Labour housing plans: ‘‘A much more active role for government’’

16 March 2015

Shadow Housing Minister Emma Reynolds MP delivered the annual Sir Frederic Osborn Lecture at the Town and Country Planning Association last week, setting out Labour’s plans for housebuilding if elected in May.

At the centre of her speech was a pledge to ‘‘recapture the post-war spirit for building new homes’’. The Shadow Minister explained how Labour policy would seek to emulate the 1950s housebuilding drive in character as well as ambition, with the state playing a major role in delivering new homes:

‘‘While the Tories still believe, despite their failure over the past five years, that the housing crisis will be solved by the market alone, Labour is clear that to tackle the housing crisis there must be a much more active role for national and local government.’’

Ms Reynolds cited Labour’s plans for a new programme of garden cities and for New Homes Corporations – where local authorities will partner with housing associations and developers to drive forward designated housing growth areas – as examples of the increased state involvement to come under a Labour Government.

Her speech also emphasised that first-time buyers would have priority access rights in new housing growth areas – a response perhaps to David Cameron’s commitment on Starter Homes.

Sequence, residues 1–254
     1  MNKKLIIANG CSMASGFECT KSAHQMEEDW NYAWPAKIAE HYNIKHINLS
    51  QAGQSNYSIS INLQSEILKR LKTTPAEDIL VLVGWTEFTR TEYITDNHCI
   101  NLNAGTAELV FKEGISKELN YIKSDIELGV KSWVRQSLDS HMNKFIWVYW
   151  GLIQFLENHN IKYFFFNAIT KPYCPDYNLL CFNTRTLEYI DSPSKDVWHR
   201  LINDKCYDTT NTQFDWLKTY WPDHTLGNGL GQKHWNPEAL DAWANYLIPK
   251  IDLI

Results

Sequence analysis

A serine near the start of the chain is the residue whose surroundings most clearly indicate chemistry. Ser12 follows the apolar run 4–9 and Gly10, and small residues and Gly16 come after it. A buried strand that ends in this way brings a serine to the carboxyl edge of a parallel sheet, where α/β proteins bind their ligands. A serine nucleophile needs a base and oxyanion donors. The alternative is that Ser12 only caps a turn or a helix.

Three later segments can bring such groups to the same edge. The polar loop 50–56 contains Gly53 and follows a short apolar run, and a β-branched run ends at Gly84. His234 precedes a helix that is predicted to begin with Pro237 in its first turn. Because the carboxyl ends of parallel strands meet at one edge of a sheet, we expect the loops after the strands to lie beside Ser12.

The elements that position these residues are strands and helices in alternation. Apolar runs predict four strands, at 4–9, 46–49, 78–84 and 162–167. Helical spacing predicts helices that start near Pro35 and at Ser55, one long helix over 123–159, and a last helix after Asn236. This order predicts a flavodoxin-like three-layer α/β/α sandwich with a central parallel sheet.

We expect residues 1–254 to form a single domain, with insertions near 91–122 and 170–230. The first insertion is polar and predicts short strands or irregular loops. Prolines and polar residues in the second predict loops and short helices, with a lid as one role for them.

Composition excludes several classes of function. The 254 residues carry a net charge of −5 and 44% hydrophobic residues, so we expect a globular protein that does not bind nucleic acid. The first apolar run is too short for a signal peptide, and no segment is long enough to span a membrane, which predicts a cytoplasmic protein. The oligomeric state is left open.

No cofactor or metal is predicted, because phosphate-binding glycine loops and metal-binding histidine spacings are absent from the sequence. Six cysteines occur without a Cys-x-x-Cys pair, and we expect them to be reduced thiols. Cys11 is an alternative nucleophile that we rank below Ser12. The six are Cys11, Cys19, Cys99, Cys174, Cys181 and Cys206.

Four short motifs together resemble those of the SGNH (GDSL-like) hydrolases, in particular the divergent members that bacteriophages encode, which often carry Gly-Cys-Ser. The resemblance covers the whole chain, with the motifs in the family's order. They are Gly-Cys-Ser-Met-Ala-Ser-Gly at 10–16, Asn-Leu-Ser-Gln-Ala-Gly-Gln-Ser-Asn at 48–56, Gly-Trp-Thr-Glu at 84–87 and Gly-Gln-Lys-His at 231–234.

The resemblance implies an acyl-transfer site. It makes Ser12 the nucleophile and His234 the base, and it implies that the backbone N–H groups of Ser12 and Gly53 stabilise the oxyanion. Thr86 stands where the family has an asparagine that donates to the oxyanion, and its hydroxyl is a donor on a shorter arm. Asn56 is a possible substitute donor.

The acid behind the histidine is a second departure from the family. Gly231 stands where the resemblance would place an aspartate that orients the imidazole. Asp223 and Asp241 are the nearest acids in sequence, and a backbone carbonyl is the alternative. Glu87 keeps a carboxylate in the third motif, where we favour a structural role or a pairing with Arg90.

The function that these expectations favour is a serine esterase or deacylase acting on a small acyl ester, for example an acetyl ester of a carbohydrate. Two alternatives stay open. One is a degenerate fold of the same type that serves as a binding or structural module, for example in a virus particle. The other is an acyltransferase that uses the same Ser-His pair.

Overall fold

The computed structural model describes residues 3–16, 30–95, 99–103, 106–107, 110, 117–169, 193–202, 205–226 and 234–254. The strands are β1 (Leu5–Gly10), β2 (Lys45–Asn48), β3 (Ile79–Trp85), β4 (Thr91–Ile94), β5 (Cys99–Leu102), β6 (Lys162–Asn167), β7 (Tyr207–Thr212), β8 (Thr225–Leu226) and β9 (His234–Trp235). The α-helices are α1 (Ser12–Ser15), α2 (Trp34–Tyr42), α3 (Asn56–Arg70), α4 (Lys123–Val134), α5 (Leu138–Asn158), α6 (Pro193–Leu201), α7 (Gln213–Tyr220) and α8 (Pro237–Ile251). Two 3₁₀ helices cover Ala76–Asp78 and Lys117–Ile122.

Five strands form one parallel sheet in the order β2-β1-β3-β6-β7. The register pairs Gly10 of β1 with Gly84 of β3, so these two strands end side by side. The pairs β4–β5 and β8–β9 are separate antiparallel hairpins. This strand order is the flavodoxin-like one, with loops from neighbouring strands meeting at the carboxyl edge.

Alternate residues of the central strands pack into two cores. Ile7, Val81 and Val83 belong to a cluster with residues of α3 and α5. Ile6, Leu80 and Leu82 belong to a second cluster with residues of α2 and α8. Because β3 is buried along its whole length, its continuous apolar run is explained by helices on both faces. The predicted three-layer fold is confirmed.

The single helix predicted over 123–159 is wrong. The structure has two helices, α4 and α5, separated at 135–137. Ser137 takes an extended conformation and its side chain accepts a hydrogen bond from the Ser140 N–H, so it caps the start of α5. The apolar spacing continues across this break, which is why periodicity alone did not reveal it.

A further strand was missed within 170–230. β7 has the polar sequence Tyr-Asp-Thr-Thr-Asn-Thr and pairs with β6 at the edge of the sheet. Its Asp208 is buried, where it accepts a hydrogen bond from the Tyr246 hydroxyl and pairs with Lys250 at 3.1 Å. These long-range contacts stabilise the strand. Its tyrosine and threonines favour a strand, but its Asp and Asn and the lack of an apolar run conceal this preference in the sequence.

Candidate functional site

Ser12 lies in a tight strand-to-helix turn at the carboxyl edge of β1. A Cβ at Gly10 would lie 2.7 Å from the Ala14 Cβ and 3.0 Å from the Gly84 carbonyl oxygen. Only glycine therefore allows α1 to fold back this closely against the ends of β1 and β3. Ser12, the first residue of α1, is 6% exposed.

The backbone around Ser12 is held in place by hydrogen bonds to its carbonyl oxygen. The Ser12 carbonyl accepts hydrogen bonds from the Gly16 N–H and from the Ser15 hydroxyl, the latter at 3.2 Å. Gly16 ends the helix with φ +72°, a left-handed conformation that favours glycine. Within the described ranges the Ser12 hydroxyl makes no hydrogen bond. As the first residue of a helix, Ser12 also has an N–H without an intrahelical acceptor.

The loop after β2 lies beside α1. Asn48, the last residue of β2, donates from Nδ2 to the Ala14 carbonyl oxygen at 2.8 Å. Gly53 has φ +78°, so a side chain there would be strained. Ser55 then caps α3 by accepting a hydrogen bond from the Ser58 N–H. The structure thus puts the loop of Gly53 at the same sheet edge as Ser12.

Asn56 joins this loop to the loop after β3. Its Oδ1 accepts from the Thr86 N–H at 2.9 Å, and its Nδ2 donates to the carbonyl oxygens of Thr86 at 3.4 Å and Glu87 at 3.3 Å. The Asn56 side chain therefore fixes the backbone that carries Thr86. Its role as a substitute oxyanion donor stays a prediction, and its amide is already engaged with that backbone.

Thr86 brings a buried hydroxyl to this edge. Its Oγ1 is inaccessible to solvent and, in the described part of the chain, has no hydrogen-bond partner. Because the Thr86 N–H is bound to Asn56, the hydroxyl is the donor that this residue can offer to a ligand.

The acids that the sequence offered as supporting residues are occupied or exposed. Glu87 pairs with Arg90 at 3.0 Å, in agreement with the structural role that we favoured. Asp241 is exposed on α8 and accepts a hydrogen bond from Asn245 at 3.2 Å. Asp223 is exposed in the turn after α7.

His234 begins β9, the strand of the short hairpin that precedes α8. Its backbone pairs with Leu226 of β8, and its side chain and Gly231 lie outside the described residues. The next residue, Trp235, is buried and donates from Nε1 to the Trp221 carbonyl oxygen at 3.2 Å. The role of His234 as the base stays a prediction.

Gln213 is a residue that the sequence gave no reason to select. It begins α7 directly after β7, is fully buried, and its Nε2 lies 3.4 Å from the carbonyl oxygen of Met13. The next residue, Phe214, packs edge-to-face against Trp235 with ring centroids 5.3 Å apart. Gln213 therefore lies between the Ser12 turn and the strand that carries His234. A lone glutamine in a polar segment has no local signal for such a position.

Labour’s approach is clear: to portray the housing debate as a traditional split between interventionist Labour and laissez-faire Conservatives. It’s a position designed to emphasise that the party takes a firm line on an issue that resonates with younger, urban voters, voters whose support Labour needs in order to get into office.

Does this rhetoric of a return to a golden era of government-sponsored housebuilding match up to policy reality? Labour remain committed to localism and neighbourhood planning, policies that reduce central government’s ability to strategically direct housing delivery and arguably can bog local government strategy down in parochial mires.

Others would of course argue that increased government involvement can hinder, not help, housing delivery.

If a Labour led government is elected in May, these tensions in their housebuilding approach may become yet more apparent.

Previous Articles